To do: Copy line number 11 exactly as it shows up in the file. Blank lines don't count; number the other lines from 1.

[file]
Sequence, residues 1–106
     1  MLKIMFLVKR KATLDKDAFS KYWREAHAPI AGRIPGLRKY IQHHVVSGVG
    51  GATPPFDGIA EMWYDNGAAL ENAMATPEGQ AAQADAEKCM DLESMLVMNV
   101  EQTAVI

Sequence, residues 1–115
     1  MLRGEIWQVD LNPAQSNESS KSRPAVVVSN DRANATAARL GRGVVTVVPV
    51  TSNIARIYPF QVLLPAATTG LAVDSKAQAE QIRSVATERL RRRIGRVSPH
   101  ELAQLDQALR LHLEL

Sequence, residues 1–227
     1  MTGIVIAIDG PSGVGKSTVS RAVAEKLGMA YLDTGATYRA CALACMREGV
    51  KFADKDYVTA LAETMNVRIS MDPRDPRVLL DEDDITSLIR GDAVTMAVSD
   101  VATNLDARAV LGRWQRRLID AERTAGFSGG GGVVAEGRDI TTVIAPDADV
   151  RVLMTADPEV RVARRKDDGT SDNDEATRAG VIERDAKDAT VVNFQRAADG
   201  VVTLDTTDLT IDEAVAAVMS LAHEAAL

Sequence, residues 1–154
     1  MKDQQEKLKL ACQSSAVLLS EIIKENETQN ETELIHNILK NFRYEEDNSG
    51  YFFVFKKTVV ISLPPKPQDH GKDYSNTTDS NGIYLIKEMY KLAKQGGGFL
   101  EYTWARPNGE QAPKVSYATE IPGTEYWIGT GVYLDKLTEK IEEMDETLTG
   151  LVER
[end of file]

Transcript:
    51  KFADKDYVTA LAETMNVRIS MDPRDPRVLL DEDDITSLIR GDAVTMAVSD